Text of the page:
These lawsuits show that businesses should give careful thought to balancing the need to comply with applicable federal, state, and local orders and guidelines regarding the use of masks and providing reasonable accommodations for people with disabilities under the ADA. There is no one-size-fits-all approach for striking the right balance between complying with the ADA and efforts to stop the spread of COVID-19. Companies should consider what alternatives for patrons with disabilities are reasonable and economically feasible based on the nature of their public‑facing businesses. Options for customers and other visitors whose disabilities prevent them from wearing masks may include, where feasible, providing expanded curbside, online, or other contactless services.
Employee Lawsuits Regarding Face Mask Policies
Companies should also consider that the mask-related policies they adopt and enforce for their customers may not be the right fit for their employees. In recent months, employees have filed suit against their employers seeking damages for allegedly dangerous working conditions related to COVID-19. Some of these claims are based on purportedly unsafe mask practices.
For example, on May 19, 2020, employees and their family members filed a putative class action lawsuit in Illinois state court against the McDonald’s Corporation and a subsidiary alleging claims for public nuisance and negligence due to the alleged failure of McDonald’s to maintain adequate COVID-19 safety protocols. The employees allege that in some McDonald’s restaurants, workers do not regularly wear masks. The employees further allege that they each were provided with only one mask, which became dirty after multiple uses. The court granted in part plaintiffs’ emergency motion for a preliminary injunction. The court found that although a McDonald’s subsidiary provided employees with a sufficient number of masks, the subsidiary was not enforcing its mask policy or complying with the Illinois Governor’s mask requirements. The court ordered the McDonald’s subsidiary to train employees on social distancing in a manner consistent with the Governor’s executive order and enforce mask wearing policies when employees are not six feet apart.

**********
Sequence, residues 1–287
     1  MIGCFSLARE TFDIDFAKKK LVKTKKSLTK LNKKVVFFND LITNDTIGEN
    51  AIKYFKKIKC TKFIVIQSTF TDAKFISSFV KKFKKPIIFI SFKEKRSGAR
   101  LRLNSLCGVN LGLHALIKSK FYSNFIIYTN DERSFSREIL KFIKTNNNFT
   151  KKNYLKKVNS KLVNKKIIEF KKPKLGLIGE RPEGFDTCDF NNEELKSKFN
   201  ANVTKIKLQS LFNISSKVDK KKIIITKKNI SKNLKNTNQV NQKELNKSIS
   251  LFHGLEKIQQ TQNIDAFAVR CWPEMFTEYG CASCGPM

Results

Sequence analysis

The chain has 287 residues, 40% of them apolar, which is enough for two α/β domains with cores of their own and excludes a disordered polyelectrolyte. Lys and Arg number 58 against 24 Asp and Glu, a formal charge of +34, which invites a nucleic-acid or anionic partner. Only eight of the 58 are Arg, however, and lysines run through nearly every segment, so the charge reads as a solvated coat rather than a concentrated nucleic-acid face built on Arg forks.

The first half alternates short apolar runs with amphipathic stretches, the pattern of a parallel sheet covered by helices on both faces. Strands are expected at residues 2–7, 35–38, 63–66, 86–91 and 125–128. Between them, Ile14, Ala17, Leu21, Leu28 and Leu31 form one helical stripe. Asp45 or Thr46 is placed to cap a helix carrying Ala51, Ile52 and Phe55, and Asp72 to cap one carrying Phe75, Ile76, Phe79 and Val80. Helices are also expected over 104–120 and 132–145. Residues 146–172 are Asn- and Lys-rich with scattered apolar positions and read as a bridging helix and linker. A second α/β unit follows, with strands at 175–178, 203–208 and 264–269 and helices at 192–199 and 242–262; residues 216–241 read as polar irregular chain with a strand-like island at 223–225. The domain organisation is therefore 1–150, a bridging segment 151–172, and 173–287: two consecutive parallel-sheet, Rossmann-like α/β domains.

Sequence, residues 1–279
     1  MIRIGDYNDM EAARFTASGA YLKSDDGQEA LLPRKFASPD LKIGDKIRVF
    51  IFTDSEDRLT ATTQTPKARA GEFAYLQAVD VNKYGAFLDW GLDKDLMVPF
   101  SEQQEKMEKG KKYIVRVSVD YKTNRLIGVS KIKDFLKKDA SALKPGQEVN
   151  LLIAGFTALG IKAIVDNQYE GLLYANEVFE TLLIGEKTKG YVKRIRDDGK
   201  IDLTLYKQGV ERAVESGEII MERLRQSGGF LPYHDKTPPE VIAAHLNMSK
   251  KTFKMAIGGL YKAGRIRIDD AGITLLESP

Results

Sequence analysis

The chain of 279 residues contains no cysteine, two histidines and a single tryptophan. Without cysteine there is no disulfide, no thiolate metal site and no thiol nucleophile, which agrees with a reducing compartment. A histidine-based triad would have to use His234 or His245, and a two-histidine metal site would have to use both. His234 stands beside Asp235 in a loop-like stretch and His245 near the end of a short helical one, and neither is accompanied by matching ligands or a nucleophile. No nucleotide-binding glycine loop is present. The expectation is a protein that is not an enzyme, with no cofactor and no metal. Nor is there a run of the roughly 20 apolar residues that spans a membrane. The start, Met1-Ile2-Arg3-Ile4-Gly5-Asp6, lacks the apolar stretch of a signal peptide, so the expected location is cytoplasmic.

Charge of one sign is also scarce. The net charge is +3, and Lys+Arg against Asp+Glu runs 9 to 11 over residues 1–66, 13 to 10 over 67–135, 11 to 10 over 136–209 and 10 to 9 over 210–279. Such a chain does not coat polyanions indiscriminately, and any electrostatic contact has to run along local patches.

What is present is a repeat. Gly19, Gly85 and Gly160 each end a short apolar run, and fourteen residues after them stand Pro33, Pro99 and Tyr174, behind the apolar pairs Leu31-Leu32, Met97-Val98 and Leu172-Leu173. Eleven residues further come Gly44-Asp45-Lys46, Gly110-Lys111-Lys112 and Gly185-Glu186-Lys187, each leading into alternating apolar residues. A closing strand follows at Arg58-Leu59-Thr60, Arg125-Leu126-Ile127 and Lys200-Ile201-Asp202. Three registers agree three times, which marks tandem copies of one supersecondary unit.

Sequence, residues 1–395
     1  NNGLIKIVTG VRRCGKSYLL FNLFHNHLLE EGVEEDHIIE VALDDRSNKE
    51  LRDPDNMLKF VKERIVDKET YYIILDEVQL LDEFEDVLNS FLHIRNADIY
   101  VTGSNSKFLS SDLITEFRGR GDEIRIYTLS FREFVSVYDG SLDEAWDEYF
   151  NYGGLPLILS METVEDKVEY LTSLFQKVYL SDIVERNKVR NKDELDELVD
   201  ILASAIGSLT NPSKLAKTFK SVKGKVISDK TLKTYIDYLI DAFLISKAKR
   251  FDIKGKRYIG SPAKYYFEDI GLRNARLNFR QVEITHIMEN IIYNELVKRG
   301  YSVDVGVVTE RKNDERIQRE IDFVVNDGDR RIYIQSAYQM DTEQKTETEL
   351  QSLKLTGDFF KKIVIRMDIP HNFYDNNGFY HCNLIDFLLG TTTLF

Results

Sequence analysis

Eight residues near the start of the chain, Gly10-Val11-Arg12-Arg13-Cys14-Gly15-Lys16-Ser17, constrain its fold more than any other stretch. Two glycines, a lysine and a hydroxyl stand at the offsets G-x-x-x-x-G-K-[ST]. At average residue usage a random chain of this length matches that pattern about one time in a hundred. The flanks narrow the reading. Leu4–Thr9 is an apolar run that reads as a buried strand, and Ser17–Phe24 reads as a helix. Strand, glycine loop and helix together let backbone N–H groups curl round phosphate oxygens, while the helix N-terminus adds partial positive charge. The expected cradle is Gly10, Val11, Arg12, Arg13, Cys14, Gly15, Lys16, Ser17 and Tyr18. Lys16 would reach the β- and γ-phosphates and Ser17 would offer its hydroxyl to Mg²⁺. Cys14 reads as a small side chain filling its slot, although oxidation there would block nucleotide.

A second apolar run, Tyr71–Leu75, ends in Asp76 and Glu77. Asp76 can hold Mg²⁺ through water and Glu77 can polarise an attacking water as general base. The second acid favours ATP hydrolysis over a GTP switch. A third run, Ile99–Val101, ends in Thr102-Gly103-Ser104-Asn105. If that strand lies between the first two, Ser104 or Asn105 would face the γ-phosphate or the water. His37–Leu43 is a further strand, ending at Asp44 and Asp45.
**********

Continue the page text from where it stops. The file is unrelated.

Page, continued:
COVID-19 presents a new safety concern for employers. Consulting with counsel can help determine what safeguards can and should be implemented in the workplace. Depending on the nature of the work and workplace, issues employers may want to consider could include remote work options, flexible return-to-work plans, appropriate and feasible return-to-work logistics, and reasonable accommodations for vulnerable groups.
With so many constituents, businesses may feel as if they are caught between a rock and a hard place. On one hand, customers are suing businesses for requiring them to wear masks. On the other hand, employees are suing them for not enforcing mask-related policies and guidelines. In developing their COVID-19 protocols, businesses must simultaneously consider their obligations as public accommodations to customers and other visitors and their obligations as employers. Doing so requires not only knowledge of applicable rules and guidance but also an eye toward flexibility.